Esprit’s route from Darwin.

The rugged north coast of West Timor.

After the welcoming dinner and tours of Wini, midway up the north coast of West Timor and close to the border with the Timor Leste enclave, we set sail for Alor island, 69 nm to the North. There was a good breeze at 6:30am when we set sail, but this only lasted for two hours, when the wind dropped. The spinnaker was deployed to make the most of the 6-7 knot wind, but had to be taken down after 30 minutes when the wind veered north. The Yanmar cranked to life and we motored the rest of the way, to the south of Alor and dropped our anchor in a sheltered bay after covering 44 nm.

Drinks on Ocelot.

There were three other yachts anchored there, who decided to overnight, rather than arrive at our destination at around midnight. Jon and Sue from Seattle, invited everyone around for drinks on their catamaran, Ocelot. A pleasant time was had with the yachties, before heading back to Esprit for dinner and an early night. We set off again at 6:30 am the following morning to do the last 25 nm leg, but on activating the autopilot, the GPS reported “Rudder response failure”.

Not a bad spot to wait for the tide to turn.

We called the other yachts on VHF to let them know we were going to anchor in the next bay, to reconnect the rudder response unit arm. This requires unpacking the life raft, fenders and mooring lines in the lazarette locker, to get to the hatch, giving access to the steering quadrant. It turned out to be a good move, as we could hear the chatter on our VHF radio, reporting a strong 5 knot current slowing down the three boats already on their way up the channel between the islands of Alor and Pantar. We checked the tide tables for the channel and found that the tide would turn from low to high tide at about 10:45 am and assumed this might reverse the current.

Fish traps on the way to Kalabahi.

This bay was quite a pleasant spot, so we had breakfast, fixed the RRU and Annie went snorkelling in the crystal clear water, while I settled down with a book. We set off again at 10:30 am and had a 2 knot current in our favour, going up the channel to Kalabahi town on Alor island. We anchored at 3pm. Kalabahi was a smaller and dirtier (if that’s possible) version of Kupang. The harbour was particularly trashy as it’s at the end of a fjord and doesn’t flush as well as Kupang. The locals throw everything into the water and most of the trash these days is non degradable.


The harbour master of Kalabahi (and 4 assistants) checking our paperwork.

Children rehearsing for the Indonesia day celebrations.

Indonesia is a country consisting of 15,677 islands, including the western half of New Guinea. It has a population of over 260 million with the largest population of Muslims in the world, although it is not an Islamic state. The island archipelago stretches for over 3,200 miles from north- west to south-east, straddling the equator. Indonesia is located on the Pacific “Rim of Fire” and leads the world in many volcanic statistics. It has the largest number of historically active volcanoes (76), and has a total of 1,171 dated eruptions since European arrival.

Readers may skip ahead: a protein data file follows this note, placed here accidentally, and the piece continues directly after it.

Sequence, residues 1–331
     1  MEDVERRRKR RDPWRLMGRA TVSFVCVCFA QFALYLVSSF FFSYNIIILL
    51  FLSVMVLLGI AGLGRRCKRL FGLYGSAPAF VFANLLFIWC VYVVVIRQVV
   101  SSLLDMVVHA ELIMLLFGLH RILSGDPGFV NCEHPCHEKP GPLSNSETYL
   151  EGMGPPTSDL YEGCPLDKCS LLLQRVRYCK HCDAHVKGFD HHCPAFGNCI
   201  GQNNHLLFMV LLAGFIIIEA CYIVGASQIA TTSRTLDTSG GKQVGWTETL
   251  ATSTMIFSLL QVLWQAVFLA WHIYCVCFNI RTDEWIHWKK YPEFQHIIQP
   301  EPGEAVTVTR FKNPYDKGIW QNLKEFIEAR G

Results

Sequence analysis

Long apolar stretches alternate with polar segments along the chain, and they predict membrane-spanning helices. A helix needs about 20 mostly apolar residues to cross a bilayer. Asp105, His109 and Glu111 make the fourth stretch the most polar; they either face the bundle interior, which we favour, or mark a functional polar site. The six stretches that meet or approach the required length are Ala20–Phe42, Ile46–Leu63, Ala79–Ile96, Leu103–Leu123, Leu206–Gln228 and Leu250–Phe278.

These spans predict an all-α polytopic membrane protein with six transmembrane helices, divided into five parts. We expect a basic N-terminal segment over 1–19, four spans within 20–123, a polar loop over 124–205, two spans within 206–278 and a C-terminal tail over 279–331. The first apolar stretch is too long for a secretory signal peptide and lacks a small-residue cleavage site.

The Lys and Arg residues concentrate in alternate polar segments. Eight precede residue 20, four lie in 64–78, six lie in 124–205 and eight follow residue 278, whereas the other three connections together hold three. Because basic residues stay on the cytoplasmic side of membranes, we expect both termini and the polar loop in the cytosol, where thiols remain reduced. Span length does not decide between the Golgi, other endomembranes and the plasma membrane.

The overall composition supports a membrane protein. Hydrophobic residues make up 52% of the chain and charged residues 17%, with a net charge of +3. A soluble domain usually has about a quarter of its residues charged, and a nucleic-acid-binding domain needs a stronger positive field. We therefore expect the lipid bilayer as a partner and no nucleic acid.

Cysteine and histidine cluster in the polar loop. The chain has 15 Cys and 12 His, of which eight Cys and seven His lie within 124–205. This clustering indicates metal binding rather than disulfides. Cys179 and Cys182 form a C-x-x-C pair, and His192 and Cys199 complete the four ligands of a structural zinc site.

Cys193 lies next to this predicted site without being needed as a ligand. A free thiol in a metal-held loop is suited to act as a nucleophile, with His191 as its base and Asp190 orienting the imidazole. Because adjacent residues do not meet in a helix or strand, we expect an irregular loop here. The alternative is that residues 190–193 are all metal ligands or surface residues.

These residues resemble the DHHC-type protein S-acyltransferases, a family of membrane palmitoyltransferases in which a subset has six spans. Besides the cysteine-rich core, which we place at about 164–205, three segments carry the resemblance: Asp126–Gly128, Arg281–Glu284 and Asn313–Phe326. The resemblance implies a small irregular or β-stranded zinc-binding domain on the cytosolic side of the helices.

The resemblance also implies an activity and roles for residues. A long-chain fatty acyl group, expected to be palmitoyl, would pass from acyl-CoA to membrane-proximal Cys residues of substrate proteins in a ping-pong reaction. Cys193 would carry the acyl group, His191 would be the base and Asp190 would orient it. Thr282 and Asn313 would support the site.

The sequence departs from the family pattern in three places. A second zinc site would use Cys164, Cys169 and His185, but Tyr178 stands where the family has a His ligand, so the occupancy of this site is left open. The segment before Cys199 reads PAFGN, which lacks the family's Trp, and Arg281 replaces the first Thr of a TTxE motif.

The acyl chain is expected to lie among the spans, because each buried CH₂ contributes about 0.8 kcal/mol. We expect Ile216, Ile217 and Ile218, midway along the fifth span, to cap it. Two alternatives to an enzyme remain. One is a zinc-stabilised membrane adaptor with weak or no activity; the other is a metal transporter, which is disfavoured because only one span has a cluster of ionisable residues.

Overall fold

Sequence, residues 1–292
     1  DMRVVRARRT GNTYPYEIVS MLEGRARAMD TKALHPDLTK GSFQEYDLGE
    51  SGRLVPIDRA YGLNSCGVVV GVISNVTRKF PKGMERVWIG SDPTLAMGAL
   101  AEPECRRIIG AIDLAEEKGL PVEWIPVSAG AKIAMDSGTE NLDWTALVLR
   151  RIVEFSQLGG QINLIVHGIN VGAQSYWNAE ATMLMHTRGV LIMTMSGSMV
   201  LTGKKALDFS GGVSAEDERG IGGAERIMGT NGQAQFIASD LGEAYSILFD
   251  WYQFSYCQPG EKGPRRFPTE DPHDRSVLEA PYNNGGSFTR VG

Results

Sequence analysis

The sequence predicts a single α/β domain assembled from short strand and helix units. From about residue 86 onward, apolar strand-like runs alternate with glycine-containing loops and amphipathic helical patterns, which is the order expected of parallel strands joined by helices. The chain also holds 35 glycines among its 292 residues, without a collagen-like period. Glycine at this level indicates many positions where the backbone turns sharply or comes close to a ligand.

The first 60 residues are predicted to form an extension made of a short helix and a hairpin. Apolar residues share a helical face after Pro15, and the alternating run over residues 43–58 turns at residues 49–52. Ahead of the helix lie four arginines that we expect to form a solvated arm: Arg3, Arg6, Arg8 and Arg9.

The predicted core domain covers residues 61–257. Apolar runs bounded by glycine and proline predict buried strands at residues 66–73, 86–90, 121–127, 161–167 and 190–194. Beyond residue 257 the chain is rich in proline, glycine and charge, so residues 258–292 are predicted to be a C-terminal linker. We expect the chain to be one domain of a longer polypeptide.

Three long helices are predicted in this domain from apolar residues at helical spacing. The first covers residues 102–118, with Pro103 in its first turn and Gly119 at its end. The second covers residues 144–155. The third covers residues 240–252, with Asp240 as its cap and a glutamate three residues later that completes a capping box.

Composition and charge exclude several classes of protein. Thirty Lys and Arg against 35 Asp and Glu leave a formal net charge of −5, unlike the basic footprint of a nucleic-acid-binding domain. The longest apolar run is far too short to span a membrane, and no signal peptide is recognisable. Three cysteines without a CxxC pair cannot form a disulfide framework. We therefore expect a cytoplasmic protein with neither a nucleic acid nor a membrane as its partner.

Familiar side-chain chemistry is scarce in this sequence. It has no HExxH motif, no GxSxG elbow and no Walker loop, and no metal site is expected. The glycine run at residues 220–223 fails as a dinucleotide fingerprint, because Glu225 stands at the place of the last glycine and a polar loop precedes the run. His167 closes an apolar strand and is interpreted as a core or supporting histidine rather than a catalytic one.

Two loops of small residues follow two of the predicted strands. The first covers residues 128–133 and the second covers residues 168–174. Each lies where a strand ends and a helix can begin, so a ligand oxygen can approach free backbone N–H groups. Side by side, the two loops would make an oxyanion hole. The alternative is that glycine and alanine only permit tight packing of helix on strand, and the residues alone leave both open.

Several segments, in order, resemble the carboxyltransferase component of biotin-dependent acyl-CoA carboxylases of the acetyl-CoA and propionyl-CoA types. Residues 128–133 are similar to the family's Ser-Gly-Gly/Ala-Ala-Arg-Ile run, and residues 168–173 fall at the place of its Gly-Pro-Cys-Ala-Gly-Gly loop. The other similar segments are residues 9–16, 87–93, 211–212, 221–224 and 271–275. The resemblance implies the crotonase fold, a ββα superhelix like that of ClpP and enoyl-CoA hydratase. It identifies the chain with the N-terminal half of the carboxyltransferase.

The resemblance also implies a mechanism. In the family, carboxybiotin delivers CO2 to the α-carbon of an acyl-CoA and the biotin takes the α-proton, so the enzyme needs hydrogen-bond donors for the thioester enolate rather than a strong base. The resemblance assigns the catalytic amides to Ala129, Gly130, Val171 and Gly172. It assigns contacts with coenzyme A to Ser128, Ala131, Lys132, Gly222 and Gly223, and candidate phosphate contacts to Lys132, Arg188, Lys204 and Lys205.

Two of the most devastating volcanic eruptions during historical times, took place in Indonesia: the enormous eruption of Tambora in 1815 – the largest known eruption in the world, had such far-reaching effects on the climate, that for instance Europe was to experience 1816 as the year without summer. In 1883, the disastrous eruption of Krakatau was followed by severe tsunamis that killed about 30-40,000 people. The first volcano we sailed past after leaving Alor island, was Lewotolo on the island of Kawula, where we anchored overnight at the town of Balurin.

Lewotolo volcano on Kawula island. 

When we reached Wodong on the island of Flores, we were able to travel overland to see the Kelimutu volcano, now dormant. It has a caldera of three lakes with different colours due to minerals such as copper and tin. Flores island stretches more than 300 nm from east to west, so we day hopped from Wodong to the west coast over four days in the company of 4 to 7 other yachts. There wasn’t much wind, so we had to motor quite a lot. Another reason for only travelling during the day, are the great number of floating fishing platforms off the coast, which are unlit during the night.

Annie admiring the caldera.

The lakes from the highest point. We are above the clouds.

Two old guys at the top lookout.

Lunch on the way back.

Our next stop will be the Komodo island National Park where the famous Komodo dragons and two other species of giant lizards live. We will report more in our next post.